It sounded really boring at first, but Mrs. Eloise made it fun.  She is making us identify fifty-one rocks and minerals out of her Rock Kit, three boxes full with seventeen in each.  In a few weeks we will be having our exam.  We’ve been studying for weeks.

     “All right, folks.  Time to get started.”   A few kids still whisper to finish their conversations to which my mother snaps her fingers at them and flashes them “the look.”  I know what she’s thinking, but she holds her tongue, smiles, and continues when all is quiet.

     “Today we will be taking a closer look at the metamorphic rocks in our kit.  You will be responsible for knowing eleven of them for our upcoming test.” 
     “OOHHHHHH,” the kids groan.  “Why so many?   We already have to know forty other ones!” 

     Mrs. McG does not handle whining very well.  She does not have a high tolerance for children or adults who do not push themselves to excel.  I guess fifty-one rocks isn’t a lot when you think of all the things in the world there are to know, but it is when you compare it to our weekly twenty word spelling list.  I knew what her response would be even before her lips parted.

     “How many spelling words do you have this week?” she asked in response to the complaints.  My mother never gives a direct answer, it seems.  Her favorite thing to do is answer someone’s question with a question of her own.

     “Twenty,” Henry replied.

     “And how many of those twenty words do you already know?” she inquired.

     “None,” Rachel chimed in, “they are hard this week.”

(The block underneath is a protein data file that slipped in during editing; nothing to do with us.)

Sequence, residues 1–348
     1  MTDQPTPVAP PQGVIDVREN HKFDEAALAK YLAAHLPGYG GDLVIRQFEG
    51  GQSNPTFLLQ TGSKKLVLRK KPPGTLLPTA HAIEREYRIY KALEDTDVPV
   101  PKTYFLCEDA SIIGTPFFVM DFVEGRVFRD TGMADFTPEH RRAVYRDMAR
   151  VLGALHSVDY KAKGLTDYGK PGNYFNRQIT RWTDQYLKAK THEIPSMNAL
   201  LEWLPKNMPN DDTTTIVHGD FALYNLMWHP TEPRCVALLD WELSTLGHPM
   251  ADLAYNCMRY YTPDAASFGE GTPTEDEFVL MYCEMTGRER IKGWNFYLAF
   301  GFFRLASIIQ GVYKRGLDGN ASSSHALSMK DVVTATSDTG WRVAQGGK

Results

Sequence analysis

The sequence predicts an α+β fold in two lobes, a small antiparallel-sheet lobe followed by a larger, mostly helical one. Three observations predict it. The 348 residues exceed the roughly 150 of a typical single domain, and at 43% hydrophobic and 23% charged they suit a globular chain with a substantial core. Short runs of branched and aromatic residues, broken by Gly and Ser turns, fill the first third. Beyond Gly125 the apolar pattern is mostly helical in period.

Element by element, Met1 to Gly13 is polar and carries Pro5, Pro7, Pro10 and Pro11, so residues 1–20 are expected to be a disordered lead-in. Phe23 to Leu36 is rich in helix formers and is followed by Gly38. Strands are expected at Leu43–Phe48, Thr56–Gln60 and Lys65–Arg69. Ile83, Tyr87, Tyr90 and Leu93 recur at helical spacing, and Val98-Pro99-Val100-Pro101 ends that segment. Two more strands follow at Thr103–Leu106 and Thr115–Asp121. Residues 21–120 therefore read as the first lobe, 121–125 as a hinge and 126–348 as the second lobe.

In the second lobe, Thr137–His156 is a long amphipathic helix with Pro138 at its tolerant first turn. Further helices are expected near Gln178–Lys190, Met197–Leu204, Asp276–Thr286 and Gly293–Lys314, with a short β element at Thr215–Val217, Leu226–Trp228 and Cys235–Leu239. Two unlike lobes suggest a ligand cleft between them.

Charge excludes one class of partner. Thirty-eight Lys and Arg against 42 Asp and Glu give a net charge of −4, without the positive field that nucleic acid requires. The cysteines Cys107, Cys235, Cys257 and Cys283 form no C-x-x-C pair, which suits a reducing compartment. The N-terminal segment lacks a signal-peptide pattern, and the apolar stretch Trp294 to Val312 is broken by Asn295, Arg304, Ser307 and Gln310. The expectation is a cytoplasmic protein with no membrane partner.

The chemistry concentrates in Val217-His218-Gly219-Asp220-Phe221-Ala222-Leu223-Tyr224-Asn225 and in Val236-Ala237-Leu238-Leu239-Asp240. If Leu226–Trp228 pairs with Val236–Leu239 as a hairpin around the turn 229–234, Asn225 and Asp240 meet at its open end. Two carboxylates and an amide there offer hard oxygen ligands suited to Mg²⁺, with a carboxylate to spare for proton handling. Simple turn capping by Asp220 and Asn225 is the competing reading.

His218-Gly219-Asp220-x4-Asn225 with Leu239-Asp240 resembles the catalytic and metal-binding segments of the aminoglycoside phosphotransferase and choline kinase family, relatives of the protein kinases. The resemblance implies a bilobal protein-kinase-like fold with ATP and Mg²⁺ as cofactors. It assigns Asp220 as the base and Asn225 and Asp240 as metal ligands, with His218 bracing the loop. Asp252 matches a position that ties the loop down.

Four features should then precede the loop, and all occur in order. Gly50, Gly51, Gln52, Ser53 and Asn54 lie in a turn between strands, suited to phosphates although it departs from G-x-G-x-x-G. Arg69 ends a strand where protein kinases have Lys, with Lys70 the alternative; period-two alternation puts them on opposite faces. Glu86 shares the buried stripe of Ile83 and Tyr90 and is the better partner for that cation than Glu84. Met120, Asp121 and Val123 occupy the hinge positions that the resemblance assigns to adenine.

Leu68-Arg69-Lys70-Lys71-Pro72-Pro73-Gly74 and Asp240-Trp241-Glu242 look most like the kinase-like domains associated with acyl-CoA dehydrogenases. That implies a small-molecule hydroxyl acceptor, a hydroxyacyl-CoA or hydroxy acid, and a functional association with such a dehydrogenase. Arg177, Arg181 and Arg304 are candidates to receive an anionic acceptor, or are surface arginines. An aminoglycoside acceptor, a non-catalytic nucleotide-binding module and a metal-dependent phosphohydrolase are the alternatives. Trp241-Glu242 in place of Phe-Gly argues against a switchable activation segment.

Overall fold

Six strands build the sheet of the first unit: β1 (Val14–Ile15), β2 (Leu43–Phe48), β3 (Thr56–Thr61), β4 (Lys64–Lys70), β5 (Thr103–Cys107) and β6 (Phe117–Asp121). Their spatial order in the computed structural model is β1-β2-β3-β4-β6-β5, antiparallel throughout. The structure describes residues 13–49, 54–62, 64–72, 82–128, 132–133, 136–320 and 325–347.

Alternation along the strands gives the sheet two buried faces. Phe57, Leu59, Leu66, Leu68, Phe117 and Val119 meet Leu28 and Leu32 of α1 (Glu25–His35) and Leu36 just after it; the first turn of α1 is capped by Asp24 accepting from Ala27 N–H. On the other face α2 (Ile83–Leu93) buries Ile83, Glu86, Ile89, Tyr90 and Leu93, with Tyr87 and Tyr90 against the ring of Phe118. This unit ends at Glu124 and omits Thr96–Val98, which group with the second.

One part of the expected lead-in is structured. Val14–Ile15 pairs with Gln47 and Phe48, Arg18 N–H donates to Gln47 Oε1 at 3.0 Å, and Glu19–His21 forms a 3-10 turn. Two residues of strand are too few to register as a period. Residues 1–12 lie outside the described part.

“Oh, lovely!  So now you are not only lazy students, but you are fibbers, too.  Shame, shame, I know your names!” she reprimanded, shaking her finger at all of us. Perhaps we should look at this challenge from another angle.”

     Whenever things look daunting, Mrs. Eloise tells us to change our perspective and look at things  another way.   Often she makes us get up out of our seats and turn our bodies to look at something upside down.  Mrs. McG claims that looking at something from another perspective can often lead you to the answer.

     “They still look like a whole bunch of pebbles to me, Mrs. McG,” said Mikey.  

     He got up out of his seat and bent over from the waist.  He was looking between his legs back at all of us.  The class erupted with laughter as did our teacher.  Mrs. McG was unconventional, but she did have a good sense of humor.

     We got out our pencils and began to fill in the metamorphic rocks on our worksheet:  marble, slate, serpentinite, amphibolite.  They all seemed strange and foreign to my ears.  By the end of class though, Mrs. Eloise would work her magic and have a story behind every single one of them.  Eleven stories that would help us remember each one so that we felt like the rocks were alive and had personalities of their own.